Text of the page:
Today. March 9th, 2017 marks 15 years since we lost my brother after a long two year battle with Leukemia. Today I thought a great way to honor his memory is to share 15 things about him and being his sister.
- His name was Andrew (named after my dad and grandfather) however, he had three nicknames. The family called him Drew. His “girlfriends” all called him Andy, and his group of buddies nicknamed him “Butch.”
- He stayed back in the first grade after a tough year and a diagnosis of dyslexia, but ended up loving to read as he got older.
- Even though he drove me crazy when we were kids, he truly was my best friend, especially when we were both in our twenties and did almost everything together!
- He was afraid of nothing. Seriously, nothing that I can think of. Even as a child he was fearless, and he stayed that way until the very end.
- When we were teenagers he was the one who always got away with everything and I was the one who always got caught.
- He always had a great sense of humor. He was funny and quick-witted, although his teasing could be relentless at times.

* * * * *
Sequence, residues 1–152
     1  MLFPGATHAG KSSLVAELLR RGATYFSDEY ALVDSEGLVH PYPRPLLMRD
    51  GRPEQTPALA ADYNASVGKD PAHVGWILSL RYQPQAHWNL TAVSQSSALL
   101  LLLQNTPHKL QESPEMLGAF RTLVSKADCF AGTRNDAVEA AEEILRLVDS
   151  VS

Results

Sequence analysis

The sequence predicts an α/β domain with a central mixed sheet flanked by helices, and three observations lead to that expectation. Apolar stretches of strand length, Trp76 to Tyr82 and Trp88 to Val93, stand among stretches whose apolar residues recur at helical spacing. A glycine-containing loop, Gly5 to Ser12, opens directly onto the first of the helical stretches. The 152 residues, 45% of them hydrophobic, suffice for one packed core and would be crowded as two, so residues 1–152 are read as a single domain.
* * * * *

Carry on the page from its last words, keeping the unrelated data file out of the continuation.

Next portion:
- He was more sarcastic than I am, which is really hard to be…
- He always really loved GOOD music. It began with The Police – Synchronicity Album when he was in 4th grade!
- We graduated from Northeastern University in Boston together on the same day. Me with my Master’s in Counseling Psych, him with a Bachelor’s in Criminal Justice.
- When he got diagnosed, he had just been accepted on the Seattle State Police and was planning on moving cross country.
- He began coaching Pop Warner football after his diagnosis and realized how much he loved working with the kids. His whole team of 10 and 11 year olds came in uniform to his service.
- When he got sick, he never once got angry about it. Not once. He stayed pretty positive up until the end.
- Although they never met, He and my husband have the same birthday.
- A month before he passed, he and I had the best heart to heart where he asked if I was going to be okay when he went. He also told me that he had written 3 letters, one to each of our parents, and one for me to read after he was gone. It was his eulogy.
- As heartbreaking as it was, being with him when he died that day was a gift. There was something beautiful about it and knowing that his spirit was finally free. No more sickness, no more pain.